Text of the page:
- Why Living Donor?
- Becoming A Living Donor
- Prepping for Donation and Surgery
- Life after surgery
- Frequently Asked Questions
Living Liver Donor Transplantation
Currently, over 120,000 people await organ matches on the United Network for Organ Sharing (UNOS) list, with no guarantee of receiving one. For some, especially those whose health deteriorates during the wait, living donor transplants offer the sole chance of receiving necessary procedures promptly. Unlike most organs, the liver fully regenerates in both donor and recipient, making living liver donation feasible. In this process, a healthy individual—a blood relative, close friend, or even an anonymous donor—can provide a portion of their liver, which grows back to full size and functionality.
Benefits of a Living Donor Transplant:
Shorter Wait Time
Living donor transplants can take place much sooner and can be scheduled when it is convenient for you and your donor.
Quicker Recovery Time
Generally, living donor recipients recover faster than those with deceased donors.
Better Function and Quality
A section of a liver from a living donor usually is able to function better and longer.
Help Save More Lives
Living donor transplants allows recipients to be removed from the waitlist. This can help to possibly shorten the time for others still waiting on the waitlist and help increase the number of kidney transplants.
Innovative Minimally Invasive Approach for Living Liver Donors
UI Health is the first transplant center in Chicago and one of the few in the county to perform successful liver donor robotic hepatectomy for a living donor.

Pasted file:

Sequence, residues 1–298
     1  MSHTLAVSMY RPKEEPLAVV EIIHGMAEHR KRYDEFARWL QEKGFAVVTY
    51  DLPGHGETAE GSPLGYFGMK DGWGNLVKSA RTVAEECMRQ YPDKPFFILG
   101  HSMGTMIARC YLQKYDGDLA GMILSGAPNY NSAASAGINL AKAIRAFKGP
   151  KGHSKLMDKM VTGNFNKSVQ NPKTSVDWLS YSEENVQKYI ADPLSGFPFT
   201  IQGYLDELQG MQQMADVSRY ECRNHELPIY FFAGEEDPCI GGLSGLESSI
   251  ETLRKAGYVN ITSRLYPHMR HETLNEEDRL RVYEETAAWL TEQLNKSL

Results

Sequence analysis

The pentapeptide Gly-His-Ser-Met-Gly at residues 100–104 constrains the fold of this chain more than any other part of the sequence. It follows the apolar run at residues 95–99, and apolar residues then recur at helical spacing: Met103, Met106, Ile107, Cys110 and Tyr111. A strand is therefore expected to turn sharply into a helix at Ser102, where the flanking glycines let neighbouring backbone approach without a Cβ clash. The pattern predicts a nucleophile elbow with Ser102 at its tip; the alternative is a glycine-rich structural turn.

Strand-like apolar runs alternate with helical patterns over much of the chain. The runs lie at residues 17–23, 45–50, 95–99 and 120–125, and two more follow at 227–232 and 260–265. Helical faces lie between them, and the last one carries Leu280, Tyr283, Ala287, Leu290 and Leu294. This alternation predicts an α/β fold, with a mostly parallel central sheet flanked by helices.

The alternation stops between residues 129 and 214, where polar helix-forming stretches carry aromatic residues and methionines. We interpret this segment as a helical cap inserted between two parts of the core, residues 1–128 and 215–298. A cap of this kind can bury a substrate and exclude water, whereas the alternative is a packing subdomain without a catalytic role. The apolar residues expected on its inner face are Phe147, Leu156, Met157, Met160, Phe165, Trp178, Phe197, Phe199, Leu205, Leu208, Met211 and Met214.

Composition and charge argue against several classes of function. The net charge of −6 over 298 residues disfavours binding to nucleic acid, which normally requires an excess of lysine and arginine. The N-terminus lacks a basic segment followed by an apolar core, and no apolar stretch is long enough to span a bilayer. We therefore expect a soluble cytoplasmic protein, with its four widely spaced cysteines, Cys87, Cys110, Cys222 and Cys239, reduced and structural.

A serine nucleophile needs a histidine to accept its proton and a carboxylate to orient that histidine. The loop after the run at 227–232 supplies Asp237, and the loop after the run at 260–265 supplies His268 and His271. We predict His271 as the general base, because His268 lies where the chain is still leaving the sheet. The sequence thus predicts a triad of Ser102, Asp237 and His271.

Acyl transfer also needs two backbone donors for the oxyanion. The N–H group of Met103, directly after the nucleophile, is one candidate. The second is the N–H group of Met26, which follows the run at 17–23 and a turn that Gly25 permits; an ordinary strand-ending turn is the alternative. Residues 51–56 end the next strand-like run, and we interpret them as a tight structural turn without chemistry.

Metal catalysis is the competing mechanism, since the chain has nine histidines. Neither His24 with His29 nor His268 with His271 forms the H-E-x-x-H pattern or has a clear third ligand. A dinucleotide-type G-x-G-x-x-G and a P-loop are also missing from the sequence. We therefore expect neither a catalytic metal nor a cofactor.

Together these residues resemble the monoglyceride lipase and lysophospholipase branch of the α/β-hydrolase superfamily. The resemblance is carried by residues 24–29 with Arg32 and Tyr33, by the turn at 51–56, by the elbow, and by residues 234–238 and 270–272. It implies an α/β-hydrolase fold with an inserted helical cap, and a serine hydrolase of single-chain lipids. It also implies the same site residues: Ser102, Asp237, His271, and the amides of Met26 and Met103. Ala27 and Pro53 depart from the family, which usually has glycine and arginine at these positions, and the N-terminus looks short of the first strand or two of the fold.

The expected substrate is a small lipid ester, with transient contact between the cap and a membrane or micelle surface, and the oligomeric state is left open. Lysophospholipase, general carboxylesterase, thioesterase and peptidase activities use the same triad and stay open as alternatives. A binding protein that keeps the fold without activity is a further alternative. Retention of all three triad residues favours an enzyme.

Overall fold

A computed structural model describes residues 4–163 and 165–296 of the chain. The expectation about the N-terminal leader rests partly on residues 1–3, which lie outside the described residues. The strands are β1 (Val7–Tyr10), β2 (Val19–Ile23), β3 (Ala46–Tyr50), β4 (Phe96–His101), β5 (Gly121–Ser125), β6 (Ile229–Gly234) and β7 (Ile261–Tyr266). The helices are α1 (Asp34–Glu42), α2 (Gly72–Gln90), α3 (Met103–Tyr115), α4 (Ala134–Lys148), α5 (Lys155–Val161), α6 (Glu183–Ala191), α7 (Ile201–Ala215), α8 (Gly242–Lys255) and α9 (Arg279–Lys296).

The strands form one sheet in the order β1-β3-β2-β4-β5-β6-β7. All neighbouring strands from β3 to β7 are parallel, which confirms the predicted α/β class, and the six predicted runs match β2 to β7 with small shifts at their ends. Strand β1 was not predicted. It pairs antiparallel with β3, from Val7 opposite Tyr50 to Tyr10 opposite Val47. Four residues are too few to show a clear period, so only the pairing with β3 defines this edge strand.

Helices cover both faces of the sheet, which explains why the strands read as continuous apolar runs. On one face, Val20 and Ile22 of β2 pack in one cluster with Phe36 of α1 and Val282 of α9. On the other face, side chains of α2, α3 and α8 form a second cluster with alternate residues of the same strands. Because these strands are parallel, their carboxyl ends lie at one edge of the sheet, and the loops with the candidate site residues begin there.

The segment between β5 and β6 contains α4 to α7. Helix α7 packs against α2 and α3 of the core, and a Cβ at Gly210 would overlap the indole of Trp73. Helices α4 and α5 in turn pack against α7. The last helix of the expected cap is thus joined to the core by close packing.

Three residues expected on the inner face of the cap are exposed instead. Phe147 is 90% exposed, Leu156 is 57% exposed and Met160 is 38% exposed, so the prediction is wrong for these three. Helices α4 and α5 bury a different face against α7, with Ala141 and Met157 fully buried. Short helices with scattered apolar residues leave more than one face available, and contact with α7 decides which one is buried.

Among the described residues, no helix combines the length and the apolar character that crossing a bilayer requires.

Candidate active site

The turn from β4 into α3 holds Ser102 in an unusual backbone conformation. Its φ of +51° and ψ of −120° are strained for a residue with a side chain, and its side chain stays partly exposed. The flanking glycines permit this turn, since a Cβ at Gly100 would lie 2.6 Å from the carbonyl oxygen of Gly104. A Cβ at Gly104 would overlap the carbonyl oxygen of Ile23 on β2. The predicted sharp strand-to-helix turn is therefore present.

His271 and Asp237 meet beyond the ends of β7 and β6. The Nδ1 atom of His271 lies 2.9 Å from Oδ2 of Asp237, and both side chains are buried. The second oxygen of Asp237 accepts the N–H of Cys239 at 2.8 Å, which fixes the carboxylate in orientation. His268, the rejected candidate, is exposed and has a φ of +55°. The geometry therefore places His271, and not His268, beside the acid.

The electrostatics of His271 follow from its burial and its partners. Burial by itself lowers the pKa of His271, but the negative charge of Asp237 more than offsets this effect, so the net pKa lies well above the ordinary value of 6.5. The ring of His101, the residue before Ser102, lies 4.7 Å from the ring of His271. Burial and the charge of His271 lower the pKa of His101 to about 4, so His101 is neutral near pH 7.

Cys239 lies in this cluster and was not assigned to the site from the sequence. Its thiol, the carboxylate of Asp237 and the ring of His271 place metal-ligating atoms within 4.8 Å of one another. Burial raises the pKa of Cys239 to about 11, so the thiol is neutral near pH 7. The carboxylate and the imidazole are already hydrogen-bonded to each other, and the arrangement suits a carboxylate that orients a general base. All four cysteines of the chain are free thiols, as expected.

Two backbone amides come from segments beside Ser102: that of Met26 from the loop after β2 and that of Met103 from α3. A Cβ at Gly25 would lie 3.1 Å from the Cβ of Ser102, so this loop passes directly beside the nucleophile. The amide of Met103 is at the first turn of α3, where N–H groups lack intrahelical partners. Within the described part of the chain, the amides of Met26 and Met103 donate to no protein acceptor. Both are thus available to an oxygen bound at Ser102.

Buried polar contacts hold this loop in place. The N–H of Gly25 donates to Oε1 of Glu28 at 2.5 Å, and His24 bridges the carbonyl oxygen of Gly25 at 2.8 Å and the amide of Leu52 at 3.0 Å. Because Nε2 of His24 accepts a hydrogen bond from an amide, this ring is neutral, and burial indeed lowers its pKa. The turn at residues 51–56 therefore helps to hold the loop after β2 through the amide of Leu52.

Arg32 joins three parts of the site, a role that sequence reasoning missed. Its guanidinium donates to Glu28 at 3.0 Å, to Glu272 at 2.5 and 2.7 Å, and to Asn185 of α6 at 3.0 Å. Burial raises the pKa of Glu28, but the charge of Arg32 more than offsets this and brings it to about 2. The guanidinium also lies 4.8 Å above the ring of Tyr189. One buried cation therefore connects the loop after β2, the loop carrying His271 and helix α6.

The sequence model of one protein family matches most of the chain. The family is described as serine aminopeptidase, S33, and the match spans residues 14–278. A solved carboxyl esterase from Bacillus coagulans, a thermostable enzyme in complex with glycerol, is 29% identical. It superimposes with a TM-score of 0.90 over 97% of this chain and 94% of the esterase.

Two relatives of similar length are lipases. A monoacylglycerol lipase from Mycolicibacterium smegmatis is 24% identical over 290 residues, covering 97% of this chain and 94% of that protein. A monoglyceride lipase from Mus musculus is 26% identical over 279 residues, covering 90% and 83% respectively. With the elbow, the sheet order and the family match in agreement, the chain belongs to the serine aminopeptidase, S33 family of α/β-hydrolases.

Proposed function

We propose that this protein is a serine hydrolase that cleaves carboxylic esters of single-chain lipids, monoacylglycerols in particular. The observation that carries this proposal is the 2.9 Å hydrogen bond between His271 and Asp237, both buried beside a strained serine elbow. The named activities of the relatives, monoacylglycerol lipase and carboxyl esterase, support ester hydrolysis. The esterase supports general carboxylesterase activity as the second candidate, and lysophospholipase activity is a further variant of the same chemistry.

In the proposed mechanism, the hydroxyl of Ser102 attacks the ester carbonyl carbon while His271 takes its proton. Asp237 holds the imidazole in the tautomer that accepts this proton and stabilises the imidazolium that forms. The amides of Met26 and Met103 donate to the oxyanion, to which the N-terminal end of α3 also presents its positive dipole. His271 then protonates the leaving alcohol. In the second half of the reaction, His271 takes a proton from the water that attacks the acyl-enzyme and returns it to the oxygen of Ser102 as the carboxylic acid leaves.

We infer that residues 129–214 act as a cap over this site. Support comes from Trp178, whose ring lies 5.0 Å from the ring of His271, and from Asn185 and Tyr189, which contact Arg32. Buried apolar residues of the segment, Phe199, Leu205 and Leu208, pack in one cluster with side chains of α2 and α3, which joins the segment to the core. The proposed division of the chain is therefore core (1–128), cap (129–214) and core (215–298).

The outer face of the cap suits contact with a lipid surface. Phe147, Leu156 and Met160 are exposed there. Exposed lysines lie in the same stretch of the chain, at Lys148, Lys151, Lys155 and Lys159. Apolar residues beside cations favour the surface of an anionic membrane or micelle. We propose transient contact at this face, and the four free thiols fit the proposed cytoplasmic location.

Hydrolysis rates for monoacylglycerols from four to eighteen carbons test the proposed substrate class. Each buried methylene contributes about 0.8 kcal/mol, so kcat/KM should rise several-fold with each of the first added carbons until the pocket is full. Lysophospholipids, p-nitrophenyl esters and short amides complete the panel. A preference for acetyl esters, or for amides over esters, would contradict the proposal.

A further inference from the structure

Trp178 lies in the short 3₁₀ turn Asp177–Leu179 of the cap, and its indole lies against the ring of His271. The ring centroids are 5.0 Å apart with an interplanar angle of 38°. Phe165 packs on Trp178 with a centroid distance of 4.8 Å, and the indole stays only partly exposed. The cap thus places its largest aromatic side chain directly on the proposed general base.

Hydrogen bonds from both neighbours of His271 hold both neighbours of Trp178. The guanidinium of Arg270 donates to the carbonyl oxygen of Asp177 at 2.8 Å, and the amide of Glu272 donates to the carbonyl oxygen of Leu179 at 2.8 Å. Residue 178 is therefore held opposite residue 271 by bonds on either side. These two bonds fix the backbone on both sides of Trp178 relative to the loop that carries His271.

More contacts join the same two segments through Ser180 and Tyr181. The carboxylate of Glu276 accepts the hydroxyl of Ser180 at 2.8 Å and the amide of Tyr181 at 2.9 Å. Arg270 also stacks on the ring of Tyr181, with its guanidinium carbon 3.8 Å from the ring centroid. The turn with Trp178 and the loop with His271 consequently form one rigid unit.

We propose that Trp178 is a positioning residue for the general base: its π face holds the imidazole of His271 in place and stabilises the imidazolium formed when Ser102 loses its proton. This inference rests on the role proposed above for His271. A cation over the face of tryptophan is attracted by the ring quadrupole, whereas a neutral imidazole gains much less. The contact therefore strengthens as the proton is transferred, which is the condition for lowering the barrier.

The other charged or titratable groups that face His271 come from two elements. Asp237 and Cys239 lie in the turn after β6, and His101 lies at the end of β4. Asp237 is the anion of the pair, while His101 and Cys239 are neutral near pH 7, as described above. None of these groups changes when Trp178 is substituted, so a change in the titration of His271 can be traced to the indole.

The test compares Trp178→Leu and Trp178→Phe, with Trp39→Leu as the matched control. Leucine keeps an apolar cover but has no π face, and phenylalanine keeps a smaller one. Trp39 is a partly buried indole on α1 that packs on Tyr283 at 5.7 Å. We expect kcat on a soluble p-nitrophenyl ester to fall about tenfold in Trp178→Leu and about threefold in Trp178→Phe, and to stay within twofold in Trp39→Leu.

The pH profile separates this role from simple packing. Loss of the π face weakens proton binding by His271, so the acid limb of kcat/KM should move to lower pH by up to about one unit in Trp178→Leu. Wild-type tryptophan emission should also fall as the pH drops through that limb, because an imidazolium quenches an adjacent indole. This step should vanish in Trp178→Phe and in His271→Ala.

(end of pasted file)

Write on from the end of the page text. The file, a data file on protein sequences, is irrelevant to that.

Robotic hepatectomy is a minimally invasive surgical procedure that makes a C-section incision on the liver donor’s abdomen to remove the liver graft. This new, innovative approach to living liver donor surgery provides an alternative to traditional surgery and results in a variety of benefits for living donors.
Benefits of Robotic Hepatectomy
- Reduced Pain and Recovery Time: The use of robotic technology and smaller incisions can significantly reduce postoperative pain and discomfort for the donors. This may lead to shorter hospital stays, quicker recovery times, reduced blood loss, and a lower risk of infection, enabling donors to return to their normal activities sooner.
- Cosmetic Impact: The adoption of a C-section incision instead of a larger abdominal incision for liver graft removal not only improves the overall recovery experience but also has potential cosmetic benefits. Smaller incisions are less likely to result in noticeable scars, enhancing the overall satisfaction of donors.